I was recently invited to conduct a small-group Bible study at another church. They probably didn’t like it that much, because I “dominated” it by explaining boring details such as the grammatical-historical context, the writer’s original intent, and who the original readers were. And I didn’t ask the usual “What do you think this verse means?” around the table.
My kind of Bible study is frowned upon by most evangelicals who go to their “small groups.” The most popular kind is that one wherein the members of the group rotate “facilitating” the study. The group “leader” does not teach, but facilitates an exchange of opinions. Participation in this exchange, with much sharing of experiences, is a given. The result is that there’s really not much Bible study done.
These small-group Bible studies that are of no substance have combined with shallow, non-expository preaching in Christ-less worship services and fun-and-games youth meetings to produce Biblically-illiterate churchgoers. 1
This summer, a Baptist megachurch in Houston was able to rally 10,500 children to its Vacation Bible School, “an over-the-top amalgam of Christian rock, humorous skits, Broadway-style musicals and, lest we forget, strobe lights and fog machines.” Daniel Radosh, author of Rapture Ready!, a book about evangelical Christian pop culture, commented:
Evangelicals have become very sophisticated about repackaging actual church services and religious instruction with the trappings of entertainment—the proverbial spoonful of sugar to help the medicine go down. It’s helped that the technological barriers to mimicking professional entertainment have gotten so easy and affordable that any well-funded church can produce a fairly slick program. What this V.B.S. camp is doing is very much in line with contemporary notions of religious education and even worship services in evangelical churches.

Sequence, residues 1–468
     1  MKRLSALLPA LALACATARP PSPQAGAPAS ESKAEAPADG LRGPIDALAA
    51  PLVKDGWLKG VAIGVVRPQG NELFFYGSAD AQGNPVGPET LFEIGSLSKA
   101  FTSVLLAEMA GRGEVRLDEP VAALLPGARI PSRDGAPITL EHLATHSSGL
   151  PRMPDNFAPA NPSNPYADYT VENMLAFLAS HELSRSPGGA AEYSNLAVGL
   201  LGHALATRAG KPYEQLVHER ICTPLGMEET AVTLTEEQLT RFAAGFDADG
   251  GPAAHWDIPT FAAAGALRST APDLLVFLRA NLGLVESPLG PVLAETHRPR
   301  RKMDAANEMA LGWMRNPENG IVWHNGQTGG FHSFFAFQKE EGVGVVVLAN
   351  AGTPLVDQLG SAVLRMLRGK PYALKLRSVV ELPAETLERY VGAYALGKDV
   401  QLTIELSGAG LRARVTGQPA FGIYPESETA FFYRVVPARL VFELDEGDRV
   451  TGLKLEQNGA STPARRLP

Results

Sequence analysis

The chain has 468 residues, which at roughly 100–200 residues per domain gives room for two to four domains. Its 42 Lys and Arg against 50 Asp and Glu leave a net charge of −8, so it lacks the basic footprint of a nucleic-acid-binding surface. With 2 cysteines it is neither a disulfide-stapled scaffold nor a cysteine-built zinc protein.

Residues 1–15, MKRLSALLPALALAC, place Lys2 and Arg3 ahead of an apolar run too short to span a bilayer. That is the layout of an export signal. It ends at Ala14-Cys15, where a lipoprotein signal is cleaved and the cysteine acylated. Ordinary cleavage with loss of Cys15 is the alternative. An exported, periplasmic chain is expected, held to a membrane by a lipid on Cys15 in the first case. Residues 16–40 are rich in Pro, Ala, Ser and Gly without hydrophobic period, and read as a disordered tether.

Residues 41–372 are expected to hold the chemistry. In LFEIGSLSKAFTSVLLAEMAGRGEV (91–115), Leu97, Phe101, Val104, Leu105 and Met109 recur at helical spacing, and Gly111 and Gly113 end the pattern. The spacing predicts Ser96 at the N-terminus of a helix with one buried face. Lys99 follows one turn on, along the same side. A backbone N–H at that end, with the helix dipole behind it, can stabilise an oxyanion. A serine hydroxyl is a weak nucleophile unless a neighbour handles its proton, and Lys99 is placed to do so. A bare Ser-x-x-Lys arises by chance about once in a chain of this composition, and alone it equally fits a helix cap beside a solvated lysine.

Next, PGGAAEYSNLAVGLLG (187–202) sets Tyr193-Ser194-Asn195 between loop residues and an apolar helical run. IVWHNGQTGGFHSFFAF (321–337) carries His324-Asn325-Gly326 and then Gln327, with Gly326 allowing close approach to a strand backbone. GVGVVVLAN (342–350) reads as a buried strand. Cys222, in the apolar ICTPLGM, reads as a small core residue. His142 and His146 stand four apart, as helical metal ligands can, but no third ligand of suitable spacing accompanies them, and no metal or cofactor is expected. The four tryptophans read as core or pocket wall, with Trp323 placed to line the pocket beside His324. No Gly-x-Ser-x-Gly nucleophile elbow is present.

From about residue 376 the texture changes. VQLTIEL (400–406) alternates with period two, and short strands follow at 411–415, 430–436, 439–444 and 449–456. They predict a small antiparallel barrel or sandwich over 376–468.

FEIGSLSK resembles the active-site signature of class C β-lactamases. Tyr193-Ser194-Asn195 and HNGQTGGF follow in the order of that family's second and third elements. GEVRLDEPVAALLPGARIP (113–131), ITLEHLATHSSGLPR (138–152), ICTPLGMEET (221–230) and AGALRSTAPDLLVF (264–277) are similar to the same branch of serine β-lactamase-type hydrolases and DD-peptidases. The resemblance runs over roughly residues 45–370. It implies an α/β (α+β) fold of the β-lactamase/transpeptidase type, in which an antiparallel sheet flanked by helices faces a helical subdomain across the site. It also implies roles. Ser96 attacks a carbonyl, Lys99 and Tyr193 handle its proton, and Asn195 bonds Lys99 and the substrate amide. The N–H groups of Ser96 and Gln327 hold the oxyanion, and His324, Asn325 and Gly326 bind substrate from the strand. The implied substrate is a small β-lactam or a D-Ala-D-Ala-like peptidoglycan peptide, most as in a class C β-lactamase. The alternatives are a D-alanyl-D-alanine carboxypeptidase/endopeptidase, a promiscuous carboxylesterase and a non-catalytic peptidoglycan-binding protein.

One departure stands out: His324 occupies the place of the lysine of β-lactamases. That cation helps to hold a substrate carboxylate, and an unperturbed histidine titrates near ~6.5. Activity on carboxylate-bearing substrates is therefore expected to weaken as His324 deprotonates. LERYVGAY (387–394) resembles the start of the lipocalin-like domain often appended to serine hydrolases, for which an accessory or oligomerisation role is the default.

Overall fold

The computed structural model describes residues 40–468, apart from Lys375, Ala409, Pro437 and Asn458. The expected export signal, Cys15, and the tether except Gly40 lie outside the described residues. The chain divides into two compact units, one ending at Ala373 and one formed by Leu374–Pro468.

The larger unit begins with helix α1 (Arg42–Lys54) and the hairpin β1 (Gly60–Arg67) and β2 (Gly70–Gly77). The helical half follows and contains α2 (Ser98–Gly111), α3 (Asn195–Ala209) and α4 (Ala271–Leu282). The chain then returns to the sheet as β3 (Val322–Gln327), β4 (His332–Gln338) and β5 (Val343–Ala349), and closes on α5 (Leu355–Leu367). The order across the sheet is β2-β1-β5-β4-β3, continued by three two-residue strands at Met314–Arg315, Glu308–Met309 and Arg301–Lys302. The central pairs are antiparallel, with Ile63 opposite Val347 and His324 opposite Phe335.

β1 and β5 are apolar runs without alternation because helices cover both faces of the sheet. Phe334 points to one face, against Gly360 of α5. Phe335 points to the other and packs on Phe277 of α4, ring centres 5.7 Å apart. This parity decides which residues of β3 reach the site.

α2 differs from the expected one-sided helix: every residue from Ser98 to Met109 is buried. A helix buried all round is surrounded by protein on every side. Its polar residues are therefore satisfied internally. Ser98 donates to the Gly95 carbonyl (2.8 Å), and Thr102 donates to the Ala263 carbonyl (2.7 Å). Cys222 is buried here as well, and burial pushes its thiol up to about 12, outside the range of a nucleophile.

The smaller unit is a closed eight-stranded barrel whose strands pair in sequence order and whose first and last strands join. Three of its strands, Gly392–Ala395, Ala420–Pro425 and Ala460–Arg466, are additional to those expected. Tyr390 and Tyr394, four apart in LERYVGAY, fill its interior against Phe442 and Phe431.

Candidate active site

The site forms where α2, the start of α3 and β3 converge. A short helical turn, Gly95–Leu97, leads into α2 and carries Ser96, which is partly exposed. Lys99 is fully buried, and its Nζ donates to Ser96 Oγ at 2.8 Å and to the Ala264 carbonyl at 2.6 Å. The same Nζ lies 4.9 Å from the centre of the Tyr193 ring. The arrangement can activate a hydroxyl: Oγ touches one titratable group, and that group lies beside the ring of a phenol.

Said one happy 9-year-old camper, “When I wake up, I just want to be at church. Here at Second is like being in heaven.” One can only hope that 5 or 6 or 7 years hence, she and even a handful of these thousands of campers would still think of church as heaven. 2
In his short paper, “The Hidden Assumptions of Small Group Bible Study,” Prof. T. David Gordon of Grove City College perfectly defines the goal of such a small group as “to foster participation by each member, intimacy, sharing, and self-expression within a non-judgmental arena.” His list of five assumptions of a small-group Bible study is very accurate and real.
First: Participation is as important as precision. This involves what I have been calling as the “What do you think” Bible study method. Prof. Gordon writes: